How a tree becomes quartz.

About 3 million years ago, a dense tropical forest, made up of Magnolia and Palm trees, covered the Indonesian volcanic chain from Sumatra in Bali to the west of Java. Frequently (geologically speaking), regional volcanoes became active. The force of select eruptions was such that surrounding forests were uprooted—a thick layer of burning volcanic ash covering them.

The nearest trees were consumed, those covered too much by canopy rotted away. But those between these two extremes were the beneficiaries of ideal conditions, becoming naturally sterilized by the heat which destroyed bacteria normally found in decay.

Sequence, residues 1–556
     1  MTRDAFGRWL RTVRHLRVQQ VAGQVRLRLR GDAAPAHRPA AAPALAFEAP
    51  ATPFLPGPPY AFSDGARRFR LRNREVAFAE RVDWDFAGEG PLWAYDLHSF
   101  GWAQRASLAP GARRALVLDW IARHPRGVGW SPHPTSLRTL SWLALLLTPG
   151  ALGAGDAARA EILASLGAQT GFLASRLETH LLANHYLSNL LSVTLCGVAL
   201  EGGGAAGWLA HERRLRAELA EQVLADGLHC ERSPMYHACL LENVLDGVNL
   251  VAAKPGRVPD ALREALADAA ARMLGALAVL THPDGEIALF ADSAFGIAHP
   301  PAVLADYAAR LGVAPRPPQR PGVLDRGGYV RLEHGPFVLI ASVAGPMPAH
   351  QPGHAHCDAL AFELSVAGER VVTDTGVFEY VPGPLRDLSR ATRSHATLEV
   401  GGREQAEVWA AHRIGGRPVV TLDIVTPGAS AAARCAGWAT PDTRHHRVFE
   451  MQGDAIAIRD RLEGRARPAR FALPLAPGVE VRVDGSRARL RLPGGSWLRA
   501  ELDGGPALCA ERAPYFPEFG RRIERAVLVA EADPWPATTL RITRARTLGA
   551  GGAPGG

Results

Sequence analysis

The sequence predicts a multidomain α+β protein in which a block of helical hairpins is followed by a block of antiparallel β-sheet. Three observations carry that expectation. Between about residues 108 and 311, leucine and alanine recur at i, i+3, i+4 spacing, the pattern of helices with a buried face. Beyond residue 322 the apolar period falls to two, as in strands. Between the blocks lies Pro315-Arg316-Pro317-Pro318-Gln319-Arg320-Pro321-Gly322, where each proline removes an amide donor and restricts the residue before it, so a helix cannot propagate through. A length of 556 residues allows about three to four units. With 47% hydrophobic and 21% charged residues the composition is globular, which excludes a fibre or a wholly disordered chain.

The silica found in volcanic ash became dissolved and then embedded in the porous plant wood. The wood gradually replaced molecule by molecule, with minerals like quartz, agate, and marble, preserving the trees' shape at a cellular level. 

The result is a molecule by molecule substitution of original organic matter with new organic matter. A trunk of wood becomes a trunk of agate and quartz. The island's unique soli properties fusing with volcanic ash embedding specific colors in the trunk, a signature if you will. What you end up with is not only a piece of history but a piece of geologic significance that tells a story of the tree's journey, its very life. 

Ash, water, and wood via natural alchemy transformed a living tree into a massive quartz gemstone. A signature piece for any home, any decor. 


Zaid Al-Hakim